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  • Draft Preview: Outfield #PersonalCheeseballs

    Jeremy Nygaard

    We’re moving to the outfield in this week’s #PersonalCheeseballs installment. We’ve looked most recently and players who project to play the left side of the infield.

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    The outfield group can certainly be an eclectic group. There will be your burners at centerfield. The group that is athletic enough to play shortstop, but are either so fast or slightly-built that they are best suited for the middle of the outfield. You’ll have your really big-bodied corner outfielders that still move well enough to have a chance to stay in the grass (before moving to first base). There’s also the group that has played in the dirt but probably needs to be moved down the defensive spectrum. 

    And, of course, there is a group of just really good outfield prospects who may sort of fit into one of those categories… or just be a really good baseball player who plays best in the outfield.

    The term “personal cheeseball” (better represented by #personalcheeseball) originated over twenty years ago in the Baseball America offices when former writer and current Twins scout John Manuel started using it as “shorthand for a personal favorite that does not reflect the popular consensus.” 

    And that’s what you’ll see here. If the first four installments, we covered players from the midwest, catchers, shortstops and third basemen. Today, we’ll look at some outfielders. And, again, as a warning, my radar isn’t reflective of any single team’s preferences or draft board. 

    Enrique Bradfield, Vanderbilt: Bradfield isn’t the highest-ranked college outfielder. Or even the highest-ranked SEC outfielder (or second for that matter). But he’s the fastest. He’s a safe bet to have a long major league career, but there’s a floor for any prospect who may not ever develop power and has an arm better suited for left field. But if that floor is Billy Hamilton - and I’d buy Bradfield’s hit tool over Hamilton’s any day - that’s still a very usable player.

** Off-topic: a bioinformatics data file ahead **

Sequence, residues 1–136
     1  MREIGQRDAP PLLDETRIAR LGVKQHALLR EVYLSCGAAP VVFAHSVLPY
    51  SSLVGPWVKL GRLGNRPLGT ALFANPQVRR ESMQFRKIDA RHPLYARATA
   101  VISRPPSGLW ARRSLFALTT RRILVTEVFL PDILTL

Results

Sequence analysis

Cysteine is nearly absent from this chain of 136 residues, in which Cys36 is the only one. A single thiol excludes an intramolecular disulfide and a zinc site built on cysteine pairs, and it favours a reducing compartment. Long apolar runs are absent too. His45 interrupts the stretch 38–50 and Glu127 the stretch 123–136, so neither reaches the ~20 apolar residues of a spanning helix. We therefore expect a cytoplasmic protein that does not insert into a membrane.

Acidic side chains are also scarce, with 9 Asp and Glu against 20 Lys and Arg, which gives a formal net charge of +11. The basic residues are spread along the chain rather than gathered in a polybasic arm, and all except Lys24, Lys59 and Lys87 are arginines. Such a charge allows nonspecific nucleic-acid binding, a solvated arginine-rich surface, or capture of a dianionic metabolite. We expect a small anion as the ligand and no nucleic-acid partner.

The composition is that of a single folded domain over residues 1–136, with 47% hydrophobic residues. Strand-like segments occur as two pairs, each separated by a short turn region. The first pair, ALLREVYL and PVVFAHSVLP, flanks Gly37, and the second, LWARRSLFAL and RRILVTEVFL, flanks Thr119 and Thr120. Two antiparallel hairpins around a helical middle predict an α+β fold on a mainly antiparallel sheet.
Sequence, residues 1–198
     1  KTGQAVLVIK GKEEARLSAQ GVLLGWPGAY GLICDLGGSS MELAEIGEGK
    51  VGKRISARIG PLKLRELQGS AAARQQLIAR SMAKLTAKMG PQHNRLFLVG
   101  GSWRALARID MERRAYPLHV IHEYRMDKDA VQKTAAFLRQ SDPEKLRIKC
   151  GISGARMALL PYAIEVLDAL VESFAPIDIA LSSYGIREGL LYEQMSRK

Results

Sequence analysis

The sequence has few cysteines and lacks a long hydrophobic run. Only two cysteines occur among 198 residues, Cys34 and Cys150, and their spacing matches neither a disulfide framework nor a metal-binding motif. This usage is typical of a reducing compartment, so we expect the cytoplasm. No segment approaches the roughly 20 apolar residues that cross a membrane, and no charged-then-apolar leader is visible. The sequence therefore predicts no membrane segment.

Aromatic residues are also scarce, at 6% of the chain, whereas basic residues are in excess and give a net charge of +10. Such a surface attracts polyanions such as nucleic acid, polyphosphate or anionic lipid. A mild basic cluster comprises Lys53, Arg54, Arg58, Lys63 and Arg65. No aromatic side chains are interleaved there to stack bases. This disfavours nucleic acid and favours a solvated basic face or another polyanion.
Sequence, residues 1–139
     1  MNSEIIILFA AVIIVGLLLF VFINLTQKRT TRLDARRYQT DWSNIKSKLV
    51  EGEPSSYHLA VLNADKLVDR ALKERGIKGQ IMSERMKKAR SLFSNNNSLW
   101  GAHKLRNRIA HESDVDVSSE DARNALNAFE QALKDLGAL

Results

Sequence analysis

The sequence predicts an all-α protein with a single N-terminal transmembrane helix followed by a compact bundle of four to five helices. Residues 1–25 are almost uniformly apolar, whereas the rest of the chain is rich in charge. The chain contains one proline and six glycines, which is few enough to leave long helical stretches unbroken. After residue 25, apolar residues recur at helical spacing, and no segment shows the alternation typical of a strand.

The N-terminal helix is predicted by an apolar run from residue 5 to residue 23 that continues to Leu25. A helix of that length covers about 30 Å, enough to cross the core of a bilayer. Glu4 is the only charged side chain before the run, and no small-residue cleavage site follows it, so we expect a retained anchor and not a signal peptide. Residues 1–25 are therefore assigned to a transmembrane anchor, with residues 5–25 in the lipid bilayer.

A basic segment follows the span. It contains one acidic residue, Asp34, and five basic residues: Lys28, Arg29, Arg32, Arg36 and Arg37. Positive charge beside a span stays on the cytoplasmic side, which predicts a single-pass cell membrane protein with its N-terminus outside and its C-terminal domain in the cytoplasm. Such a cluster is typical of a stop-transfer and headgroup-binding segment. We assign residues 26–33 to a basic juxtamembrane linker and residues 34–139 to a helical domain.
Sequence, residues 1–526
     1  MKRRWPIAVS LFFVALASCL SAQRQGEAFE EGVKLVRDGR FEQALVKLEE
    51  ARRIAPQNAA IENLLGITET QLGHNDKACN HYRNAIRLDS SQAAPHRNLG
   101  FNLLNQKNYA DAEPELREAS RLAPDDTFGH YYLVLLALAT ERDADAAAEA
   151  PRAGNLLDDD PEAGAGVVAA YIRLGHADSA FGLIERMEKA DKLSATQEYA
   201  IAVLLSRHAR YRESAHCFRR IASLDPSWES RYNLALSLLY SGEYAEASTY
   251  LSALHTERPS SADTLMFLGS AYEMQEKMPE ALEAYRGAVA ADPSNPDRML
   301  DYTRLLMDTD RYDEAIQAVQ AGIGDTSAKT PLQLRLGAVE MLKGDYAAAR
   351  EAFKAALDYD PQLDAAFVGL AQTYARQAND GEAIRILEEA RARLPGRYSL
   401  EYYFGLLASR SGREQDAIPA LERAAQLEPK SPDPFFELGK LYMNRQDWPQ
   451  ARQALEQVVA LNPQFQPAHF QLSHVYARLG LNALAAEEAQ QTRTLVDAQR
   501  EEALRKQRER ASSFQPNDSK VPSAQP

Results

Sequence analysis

Will Gasparino, Harvard-Westlake HS, California (committed to Texas): A big (6-6) above-average runner will turn heads. Sprinkle in some power and a father with a background in baseball and Gasparino will have plenty of people’s full attention. There is so much to like about the son of the Dodgers scouting director, but there are also plenty of questions about the hit tool. Plus, a hand injury over the winter limited the views people could get of him. But the potential is there… so, like Gasparino, maybe you take a swing for the fences. 

    Parker Picot, Rochester Adams HS, Michigan (committed to Alabama): This young, super athletic outfielder who also plays quarterback for his football team has plenty of untapped potential. It might be difficult to keep from the SEC - and could really help his stock in three years - where the currently 17-year-old could skyrocket with a singular focus and college coaching.

    Kyle Henley, Denmark HS, Georgia (committed to Georgia Tech): If you’re a fan of Bradfield, then you’re also a fan of Henley. He’s got elite speed which translates to the outfield, but hitting is a question mark. If you believe he can be a productive hitter, the sky’s the limit.

    JonJon Vaughns, UCLA. Vaughns is a unique collegiate two-sport athlete playing baseball and football. But even more unique that it’s as an outfielder/linebacker! Maybe Vaughns doesn’t go the baseball route. I’d simply suggest, in a 20-round draft, you could find a spot to take a chance on a stud athlete with raw tools. 

    Next week we will take a look at some pitchers, though there will be a second installment of pitchers later in the process as well.

    There are plenty of others that could have been listed here. This isn’t to say anyone is or isn’t going to be a good draft or baseball prospect. If you have your own local #personalcheeseball, leave in the comments!

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